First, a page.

Why are dubbed movies/shows and their subtitles so off from each other?

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I love anime and a lot of foreign films/shows that are on Netflix. I mostly watch in the original audio, but sometimes watch with dubbed audio because the subtitles are not great. I’ve always noticed though, that the subtitles are way off from the dubbed audio. I’m assuming that they’re done separately, but why wouldn’t the studio try to sync them up as best as possible? Looking for any linguists out there to shed some light.

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This bothers me too. I always find myself wishing that they’d do the subs based on the dubs, or if the subs are already done first, just read the subs as the dub “script.”

You’re correct that they’re done separately, and they’re also done with slightly different objectives:

The subs are trying to explain what the actors are trying to express. Suppose emphasis is given at the end of a sentence, but the foreign language follows subject-object-verb order (instead of subject-verb-object, like what English uses). This means the emphasis is actually on the *verb* and the translator has to move the sentence around in some way to get the verb to the end, or otherwise rephrase it to make it clear it’s the verb that’s being emphasized.

The dubs are replacing the voices altogether, trying both to match **both** the natural mannerisms of an English speaker and the lip movements and body language of the character as best as possible. This means the translation often has to move words within sentences (and even entire sentences) around to match that as best as they can.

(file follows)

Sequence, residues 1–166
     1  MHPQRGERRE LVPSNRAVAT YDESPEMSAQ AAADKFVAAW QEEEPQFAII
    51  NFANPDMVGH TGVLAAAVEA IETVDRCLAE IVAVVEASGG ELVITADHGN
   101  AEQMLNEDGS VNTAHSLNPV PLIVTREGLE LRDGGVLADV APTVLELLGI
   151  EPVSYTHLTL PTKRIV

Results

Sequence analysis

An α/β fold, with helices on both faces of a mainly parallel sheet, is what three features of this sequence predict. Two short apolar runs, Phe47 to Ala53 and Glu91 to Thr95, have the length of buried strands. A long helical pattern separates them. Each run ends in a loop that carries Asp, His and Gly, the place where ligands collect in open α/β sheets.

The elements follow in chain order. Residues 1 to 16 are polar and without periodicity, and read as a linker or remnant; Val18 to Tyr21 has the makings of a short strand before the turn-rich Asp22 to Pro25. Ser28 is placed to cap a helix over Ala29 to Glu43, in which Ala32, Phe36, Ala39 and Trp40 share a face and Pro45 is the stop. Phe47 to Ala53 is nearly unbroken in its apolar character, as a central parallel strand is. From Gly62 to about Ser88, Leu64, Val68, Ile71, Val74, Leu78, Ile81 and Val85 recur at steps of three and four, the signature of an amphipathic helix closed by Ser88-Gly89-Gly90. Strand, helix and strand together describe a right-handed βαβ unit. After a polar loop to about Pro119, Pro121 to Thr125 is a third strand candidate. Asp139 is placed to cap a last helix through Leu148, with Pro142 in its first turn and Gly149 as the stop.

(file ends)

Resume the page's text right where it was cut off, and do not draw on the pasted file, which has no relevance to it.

In practice this difference doesn’t turn out too badly. Most audiences prefer either subs or dubs, but not both. I’m somewhat hard-of-hearing with spoken conversations so I have subs turned on, even when I’m watching a dub, and I really wish the subs would just be redone to the dub. But I also realize I’m in the minority. 🙂

There are a few reasons for this. As you said, subtitles and dubs are generally translated separately, by separate groups. Translation is a bit of an art. You can emphasize exactness of vocabulary, or the feeling that a native speaker would have hearing a particular word or phrase, or a multitude of other aspects, because it is very difficult or impossible to consistently get a translation of a sentence that is exactly 1:1 in both the literal meaning of the words, the layered meanings of the sentence, the way the sentence sounds, the tone, the register, etc.

This alone will result in slightly different translations of the same thing when different people are translating. Then you have to factor in that the dubs tend to have an extra constraint, where the translators will do their best to sync the timing, and sometimes even the specific mouth movements, as well as they can. This means that they often have to get creative in not just conveying the meaning, but conveying it in a way that fits the form of the conversation you are seeing.

Subtitles don’t have this restriction, and frequently you will get much more literal translations for subtitles that are giving you an exact translation of what was said, as close to word-for-word as possible. Meanwhile dub translations tend to be much looser, aiming for something that fits both the visually depicted flow of the conversation as well as something that will sound good when spoken aloud by whoever is dubbing.

The differences in these constraints, combined with how inexact translating is in general, means that the translations can often be very different in both word choice and general sentence structure.